Recently a chest that belonged to my grandfather who died in 1972 (born in 1884) was opened for essentially the first time since his death! The only two still living children (my mom and one of her brothers, both in their 80’s) and some of my cousins gathered for this event, to watch my mom and uncle look at the items in this chest. Among the various antique items were about 20 photos dating from the 1920’s to 1940’s. A number were of my grandmother who sadly died at the age of 33, and there were previously unseen photos of her.
There were also two photos of a pastor, Pastor Carlton Barnes, pastor of Flint Baptist Church near Baconton and Camilla, Georgia in the 1940’s. Here he is:
Isn’t it interesting there were two photos of him? Why? Because he was special.
Flint Baptist was predominated by one family, the Collins. Now, the Collins were good people. In fact, my mom has good memories of how they faithfully picked them up for Sunday School (as the parents were not regular attenders). When my mom graduated from high school, one of the Collins, Laurie, was her mentor and advocate, and helped her get her first secretarial job. In fact, I was named after Laurie (Laura) – so that shows how much my mom appreciated her!
However, the church revolved around the Collins and this family held sway. Apparently previous pastors just went with the flow in this regard. But Pastor Carlton Barnes was different. My mom said he did not discriminate and embraced everyone in the community who had any connection to the church. He reached out and did not cater to the Collins. He did home visitation and demonstrated genuine care for all – even my mom’s family, poor tenant farmers.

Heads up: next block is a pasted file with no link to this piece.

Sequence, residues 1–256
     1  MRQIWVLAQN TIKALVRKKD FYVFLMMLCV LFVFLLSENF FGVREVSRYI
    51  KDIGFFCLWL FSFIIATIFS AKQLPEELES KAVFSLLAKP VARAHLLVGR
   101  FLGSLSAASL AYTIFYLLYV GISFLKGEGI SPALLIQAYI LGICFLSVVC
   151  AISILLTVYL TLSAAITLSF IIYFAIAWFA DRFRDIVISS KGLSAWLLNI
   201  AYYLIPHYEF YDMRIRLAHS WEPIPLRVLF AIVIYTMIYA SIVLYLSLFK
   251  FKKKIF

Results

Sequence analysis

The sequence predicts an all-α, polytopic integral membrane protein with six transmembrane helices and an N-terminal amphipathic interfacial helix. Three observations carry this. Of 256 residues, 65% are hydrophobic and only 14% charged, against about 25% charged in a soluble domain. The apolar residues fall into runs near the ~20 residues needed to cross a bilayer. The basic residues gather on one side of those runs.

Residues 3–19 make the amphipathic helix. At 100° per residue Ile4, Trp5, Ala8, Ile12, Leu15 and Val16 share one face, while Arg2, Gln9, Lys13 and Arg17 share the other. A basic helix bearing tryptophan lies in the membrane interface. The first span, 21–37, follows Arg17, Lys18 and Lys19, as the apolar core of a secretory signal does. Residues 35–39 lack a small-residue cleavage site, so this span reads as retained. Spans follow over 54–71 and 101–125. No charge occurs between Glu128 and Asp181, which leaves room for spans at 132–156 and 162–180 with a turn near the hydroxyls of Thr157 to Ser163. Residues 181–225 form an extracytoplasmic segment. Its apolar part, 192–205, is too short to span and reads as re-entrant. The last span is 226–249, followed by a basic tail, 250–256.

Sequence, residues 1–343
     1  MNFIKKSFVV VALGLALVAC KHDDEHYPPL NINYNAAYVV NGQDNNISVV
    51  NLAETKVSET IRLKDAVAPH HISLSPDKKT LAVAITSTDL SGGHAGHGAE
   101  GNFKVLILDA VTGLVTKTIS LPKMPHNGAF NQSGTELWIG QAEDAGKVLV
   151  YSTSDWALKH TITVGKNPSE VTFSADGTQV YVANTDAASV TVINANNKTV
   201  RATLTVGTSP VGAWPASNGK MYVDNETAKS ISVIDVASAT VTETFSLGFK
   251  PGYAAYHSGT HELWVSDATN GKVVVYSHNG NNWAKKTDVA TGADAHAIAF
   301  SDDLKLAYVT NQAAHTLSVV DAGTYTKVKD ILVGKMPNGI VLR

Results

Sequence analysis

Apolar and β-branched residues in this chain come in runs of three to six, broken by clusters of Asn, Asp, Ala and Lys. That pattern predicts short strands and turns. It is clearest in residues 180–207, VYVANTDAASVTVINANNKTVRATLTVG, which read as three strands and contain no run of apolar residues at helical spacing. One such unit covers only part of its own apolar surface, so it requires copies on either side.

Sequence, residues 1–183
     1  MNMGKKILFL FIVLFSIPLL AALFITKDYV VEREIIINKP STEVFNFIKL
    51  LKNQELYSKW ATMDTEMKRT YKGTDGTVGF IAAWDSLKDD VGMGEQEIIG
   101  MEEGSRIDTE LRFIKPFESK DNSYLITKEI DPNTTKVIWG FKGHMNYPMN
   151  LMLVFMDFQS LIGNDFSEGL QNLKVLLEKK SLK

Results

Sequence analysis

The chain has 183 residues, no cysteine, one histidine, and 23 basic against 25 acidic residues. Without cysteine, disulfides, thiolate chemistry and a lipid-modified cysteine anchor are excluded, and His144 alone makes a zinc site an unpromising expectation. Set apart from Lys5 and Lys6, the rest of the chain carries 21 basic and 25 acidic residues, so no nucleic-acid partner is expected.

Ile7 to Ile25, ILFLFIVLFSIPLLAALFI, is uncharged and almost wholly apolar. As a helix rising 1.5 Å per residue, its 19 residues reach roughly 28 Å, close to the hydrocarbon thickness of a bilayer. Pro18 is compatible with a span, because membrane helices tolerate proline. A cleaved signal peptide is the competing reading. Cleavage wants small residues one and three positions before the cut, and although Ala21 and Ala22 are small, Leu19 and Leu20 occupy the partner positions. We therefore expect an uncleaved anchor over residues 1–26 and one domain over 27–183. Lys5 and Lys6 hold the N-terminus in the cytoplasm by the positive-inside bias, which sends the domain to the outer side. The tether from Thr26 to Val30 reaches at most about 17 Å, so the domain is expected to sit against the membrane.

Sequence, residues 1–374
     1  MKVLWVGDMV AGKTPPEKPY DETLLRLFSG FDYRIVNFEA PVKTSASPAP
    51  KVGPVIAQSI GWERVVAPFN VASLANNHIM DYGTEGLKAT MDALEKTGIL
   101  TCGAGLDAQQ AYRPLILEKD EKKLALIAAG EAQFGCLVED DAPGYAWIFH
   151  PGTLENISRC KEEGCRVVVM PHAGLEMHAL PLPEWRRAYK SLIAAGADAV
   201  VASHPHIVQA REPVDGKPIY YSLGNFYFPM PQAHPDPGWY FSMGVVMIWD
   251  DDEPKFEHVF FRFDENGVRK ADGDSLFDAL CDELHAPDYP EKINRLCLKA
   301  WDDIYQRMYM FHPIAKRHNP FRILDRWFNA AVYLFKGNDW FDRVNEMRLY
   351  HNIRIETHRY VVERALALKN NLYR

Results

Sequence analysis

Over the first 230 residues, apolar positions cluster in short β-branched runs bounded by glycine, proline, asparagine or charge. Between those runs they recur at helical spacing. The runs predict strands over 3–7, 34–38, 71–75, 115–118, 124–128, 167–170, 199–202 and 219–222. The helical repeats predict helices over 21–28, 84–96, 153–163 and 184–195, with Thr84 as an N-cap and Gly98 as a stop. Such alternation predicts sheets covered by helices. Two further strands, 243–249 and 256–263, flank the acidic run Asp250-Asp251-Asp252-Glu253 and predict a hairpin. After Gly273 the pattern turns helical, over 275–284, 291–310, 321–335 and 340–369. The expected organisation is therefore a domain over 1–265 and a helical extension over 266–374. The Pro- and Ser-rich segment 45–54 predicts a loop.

Before Pastor Carlton Barnes, my mom never remembers a pastor visiting them. Pastor Barnes even asked them to host a “cottage meeting” in their humble home (which lacked electricity and indoor plumbing). A cottage meeting was when they had prayer meeting and a Bible study at a home instead of at the church.
My mom’s father (my grandfather) professed to get saved at one of these cottage meetings, and was baptized in the Flint River and joined the church.
See what a difference pastoral care and outreach can make?
A while back I had a blog post about the Puritans and pastoral care: Pastoral care? Learning from the Puritans. One Puritan pastor (Richard Baxter) made it a priority to meet with every single family in his parish once a year, and there were 800 families! An excerpt from that post:
“Other pastors followed Baxter’s methods because it was successful.They would see more conversions to faith and more growth in faith through personal interaction with families – than with any amount of preaching. Now, the Puritans did excel at preaching and certainly did not neglect it, but essentially they found that they reached more people through ministerial labor and personal spiritual care. This makes sense to me. In fact, my response is “no, duh!”. Taking a personal interest in someone can make all the difference in the world. Knowing that someone cares can be a powerful encouragement. Yet, I find shepherding is too often neglected today…”
⇒ ⇒ But this is also a lesson for us, those of us who do not have a formal position as a pastor. The New Testament is filled with “one another” verses – verses that state a multitude of different ways that Christians are to care for each other. It is not only the pastor’s job!
Note that although the Collins predominated this church in a less-than-positive way, some individual Collins reached out and were caring and helpful. Remember, I was named after a Collins!
Personal outreach can make a tremendous difference in a life. I’ve actually blogged multiple times, taking various approaches, on this topic. Peruse the post category on the right of the blog, Christian fellowship/church life, to find some.
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